mended in the Report are commensurate with the scale and velocity 
jurisdictional institutions dedicated to the common good from a 
of change that transnational capital now commands. Put in the  global perspective. 
starkest terms, it is no exaggeration to say that a “pirate economy” 
Nelson Mandela’s current eff ort to, essentially, shame world 
is emerging on a global scale, an economy that can advance and  leaders into action on world poverty, and the respectful audiences 
protect its operations by the strategic allocation of funds in various  he is commanding, is a hopeful sign. Th
  e Report of the AFSC 
jurisdictions—both political and social. Th
  is is the business model  Working Party in the hands of Friends should now be inserted into 
of organized crime.
this struggle at every opportunity. In an age when economics has 
A third of the world’s wealth is held off shore. Eighty percent  replaced religion as the gatekeeper to the common good, Quakers 
of international banking transactions take place in this shadow  should be no more inclined to leave economics to the economists 
world. Half the capital in the world’s stock exchanges is “parked”  than they were in the previous age to leave religion to the priests.
For Further Information
What Friends Can Do
William Brittain-Catlin. Offshore: The Dark Side of the Global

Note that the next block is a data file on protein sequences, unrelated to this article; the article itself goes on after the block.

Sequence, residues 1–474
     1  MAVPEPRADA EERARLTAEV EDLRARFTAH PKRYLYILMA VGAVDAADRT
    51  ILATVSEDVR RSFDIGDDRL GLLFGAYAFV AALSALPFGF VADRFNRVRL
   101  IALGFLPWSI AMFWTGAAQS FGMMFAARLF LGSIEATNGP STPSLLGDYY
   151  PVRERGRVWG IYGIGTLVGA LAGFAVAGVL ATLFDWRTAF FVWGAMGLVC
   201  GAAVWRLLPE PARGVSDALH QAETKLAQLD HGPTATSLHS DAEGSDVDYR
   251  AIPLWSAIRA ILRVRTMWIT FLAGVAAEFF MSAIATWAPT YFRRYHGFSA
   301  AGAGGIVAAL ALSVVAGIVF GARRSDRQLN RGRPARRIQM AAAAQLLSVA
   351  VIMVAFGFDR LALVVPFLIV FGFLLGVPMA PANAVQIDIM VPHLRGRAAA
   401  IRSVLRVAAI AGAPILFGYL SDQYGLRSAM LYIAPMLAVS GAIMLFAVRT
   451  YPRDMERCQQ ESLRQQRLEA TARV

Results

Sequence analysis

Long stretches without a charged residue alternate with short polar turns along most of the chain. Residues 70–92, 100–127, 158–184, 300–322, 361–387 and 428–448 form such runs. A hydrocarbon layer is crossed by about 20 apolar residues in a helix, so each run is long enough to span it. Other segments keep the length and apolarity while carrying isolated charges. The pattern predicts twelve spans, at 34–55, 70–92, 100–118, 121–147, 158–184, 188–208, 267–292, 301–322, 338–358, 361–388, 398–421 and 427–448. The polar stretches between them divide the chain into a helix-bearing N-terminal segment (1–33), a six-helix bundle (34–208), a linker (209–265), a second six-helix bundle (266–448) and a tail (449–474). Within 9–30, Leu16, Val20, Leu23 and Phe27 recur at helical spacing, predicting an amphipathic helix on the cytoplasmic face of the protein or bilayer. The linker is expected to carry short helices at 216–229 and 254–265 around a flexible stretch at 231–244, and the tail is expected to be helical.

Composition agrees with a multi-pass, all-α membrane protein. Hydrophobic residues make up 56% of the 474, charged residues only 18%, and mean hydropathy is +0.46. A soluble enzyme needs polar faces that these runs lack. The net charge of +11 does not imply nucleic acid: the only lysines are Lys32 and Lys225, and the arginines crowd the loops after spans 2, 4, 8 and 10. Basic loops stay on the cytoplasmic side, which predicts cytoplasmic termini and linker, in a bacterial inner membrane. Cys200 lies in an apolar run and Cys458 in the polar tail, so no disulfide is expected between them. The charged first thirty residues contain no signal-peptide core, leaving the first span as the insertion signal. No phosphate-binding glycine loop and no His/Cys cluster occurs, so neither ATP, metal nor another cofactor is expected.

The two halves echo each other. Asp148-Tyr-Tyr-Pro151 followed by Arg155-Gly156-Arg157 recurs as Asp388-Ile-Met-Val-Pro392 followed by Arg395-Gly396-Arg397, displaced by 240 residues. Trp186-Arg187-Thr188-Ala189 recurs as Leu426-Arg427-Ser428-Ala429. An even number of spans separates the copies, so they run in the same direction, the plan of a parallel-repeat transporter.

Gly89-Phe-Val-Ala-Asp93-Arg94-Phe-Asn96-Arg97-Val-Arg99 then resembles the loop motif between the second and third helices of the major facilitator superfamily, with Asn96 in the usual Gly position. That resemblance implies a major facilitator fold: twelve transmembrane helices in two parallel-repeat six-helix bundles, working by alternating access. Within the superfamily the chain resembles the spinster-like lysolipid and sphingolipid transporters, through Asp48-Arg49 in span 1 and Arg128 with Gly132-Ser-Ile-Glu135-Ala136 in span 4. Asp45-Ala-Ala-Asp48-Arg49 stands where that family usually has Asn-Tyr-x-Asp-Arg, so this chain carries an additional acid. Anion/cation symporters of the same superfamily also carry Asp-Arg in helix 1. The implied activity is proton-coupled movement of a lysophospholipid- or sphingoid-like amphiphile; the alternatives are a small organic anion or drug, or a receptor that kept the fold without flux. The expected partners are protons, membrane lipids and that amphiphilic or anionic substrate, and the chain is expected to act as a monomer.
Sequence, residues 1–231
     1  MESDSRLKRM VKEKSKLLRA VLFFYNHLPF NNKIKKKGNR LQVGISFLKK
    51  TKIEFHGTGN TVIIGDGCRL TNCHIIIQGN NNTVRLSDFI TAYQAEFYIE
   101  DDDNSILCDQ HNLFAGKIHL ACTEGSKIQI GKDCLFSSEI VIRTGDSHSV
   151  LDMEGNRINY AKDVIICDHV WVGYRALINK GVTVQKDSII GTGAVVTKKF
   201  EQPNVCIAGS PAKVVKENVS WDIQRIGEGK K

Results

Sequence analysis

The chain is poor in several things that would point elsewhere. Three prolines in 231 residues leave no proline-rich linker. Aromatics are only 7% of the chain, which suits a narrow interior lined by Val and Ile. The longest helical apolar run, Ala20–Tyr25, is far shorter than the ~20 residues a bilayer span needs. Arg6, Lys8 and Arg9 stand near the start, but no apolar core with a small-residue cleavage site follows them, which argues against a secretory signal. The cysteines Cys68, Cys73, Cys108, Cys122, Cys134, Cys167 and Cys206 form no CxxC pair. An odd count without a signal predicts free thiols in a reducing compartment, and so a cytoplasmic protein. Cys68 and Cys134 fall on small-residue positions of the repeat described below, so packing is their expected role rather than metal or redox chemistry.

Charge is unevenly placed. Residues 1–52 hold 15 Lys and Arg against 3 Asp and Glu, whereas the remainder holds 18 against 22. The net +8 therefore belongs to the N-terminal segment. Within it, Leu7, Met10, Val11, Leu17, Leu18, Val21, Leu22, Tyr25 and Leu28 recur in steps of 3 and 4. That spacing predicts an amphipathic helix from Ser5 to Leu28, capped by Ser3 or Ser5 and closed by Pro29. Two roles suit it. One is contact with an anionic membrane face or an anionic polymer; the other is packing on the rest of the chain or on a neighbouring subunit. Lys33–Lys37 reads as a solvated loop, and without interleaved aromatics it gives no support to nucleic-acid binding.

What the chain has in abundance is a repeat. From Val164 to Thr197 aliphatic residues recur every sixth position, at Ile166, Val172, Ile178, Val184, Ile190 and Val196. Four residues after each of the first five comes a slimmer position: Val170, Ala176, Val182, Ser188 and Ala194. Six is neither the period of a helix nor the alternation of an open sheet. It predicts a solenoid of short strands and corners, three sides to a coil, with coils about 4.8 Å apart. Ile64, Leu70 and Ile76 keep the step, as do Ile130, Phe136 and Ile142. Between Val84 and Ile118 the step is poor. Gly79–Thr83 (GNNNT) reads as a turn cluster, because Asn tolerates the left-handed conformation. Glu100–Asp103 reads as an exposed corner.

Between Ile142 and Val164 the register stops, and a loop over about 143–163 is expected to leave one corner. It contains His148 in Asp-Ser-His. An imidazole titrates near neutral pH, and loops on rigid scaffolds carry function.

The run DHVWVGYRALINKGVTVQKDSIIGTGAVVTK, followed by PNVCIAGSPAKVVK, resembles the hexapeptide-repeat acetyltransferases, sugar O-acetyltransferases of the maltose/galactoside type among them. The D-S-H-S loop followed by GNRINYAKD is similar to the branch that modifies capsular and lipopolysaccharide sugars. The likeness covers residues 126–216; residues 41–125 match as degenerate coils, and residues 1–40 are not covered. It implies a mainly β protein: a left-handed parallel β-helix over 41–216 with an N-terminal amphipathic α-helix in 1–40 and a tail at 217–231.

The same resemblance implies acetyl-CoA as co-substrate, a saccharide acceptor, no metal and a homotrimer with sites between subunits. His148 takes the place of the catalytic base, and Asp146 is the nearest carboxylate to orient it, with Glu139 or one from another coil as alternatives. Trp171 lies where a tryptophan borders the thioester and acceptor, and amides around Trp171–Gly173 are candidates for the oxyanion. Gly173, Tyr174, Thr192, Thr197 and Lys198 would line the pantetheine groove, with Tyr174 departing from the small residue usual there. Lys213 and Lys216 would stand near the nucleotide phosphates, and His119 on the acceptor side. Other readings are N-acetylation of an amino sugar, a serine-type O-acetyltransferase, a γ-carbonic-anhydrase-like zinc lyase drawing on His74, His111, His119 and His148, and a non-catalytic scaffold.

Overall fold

1. Obtain a copy of Putting Dignity & Rights at the 
Economy,  to be published in June, 2005.
Heart of the Global Economy: A Quaker Perspec-
Ha-Joon Chang, 2002. Kicking Away the Ladder: Development 
tive, which can be downloaded or ordered on line 
Strategy in Historical Perspective.
at <www.afsc.org>. Call 215-241-7048 or write to 
Amy Chua, 2003, 2004. World on Fire: How Exporting Free Market 
AFSC, 1501 Cherry Street, Philadelphia, PA 19102-
Democracy Breeds Ethnic Hatred and Global Instability.
Jared Diamond, 2005. Collapse: How Societies Choose to Fail or 
1403  ($7.00 plus shipping)
Succeed
2. Study the Report and become thoroughly familiar 
Susan George, 2004. The Lugano Report: On Preserving Capitalism 
with its analysis and recommendations. 
in the Twenty-fi rst Century, 2nd edition. 
R. T. Naylor, 2004. The Wages of Crime: Black Markets, Illegal 
3. Introduce the Report into the dialogue of your 
Finance and the Underground Economy, Revised edition.
Meeting. Organize a study group aimed at amplify-
Robert H. Nelson, 2001. Economics as Religion: From Samuelson 
ing the knowledge and effect of the Report within 
to Chicago and Beyond.
your Meeting.
Ronnen Palan, 2003. The Offshore World: Sovereign Markets, Virtual 
4. Become familiar with the work AFSC and FCNL are do-
Places, and Nomad Millionaires
ing around issues of structural economic violence.
John Perkins, 2004. Confessions of an Economic Hit Man.
Oswaldo de Rivero, 2001. The Myth of Development: The Non-Viable 
5. Facilitate your Meeting’s response to FCNL’s regular 
Economies of the 21st Century
priority setting process with support for action on 
Holly Sklar, 1995. Chaos or Community: Seeking Solutions, Not 
policy that promotes economic equity, environmen-
Scapegoats for Bad Economics. (Holly Sklar, who is one of the 
tal justice, energy decoupled from violent confl ict, 
best analysts and writers now dealing with economics at a popular 
and ecological integrity.
level, was a member of the AFSC Working Party.)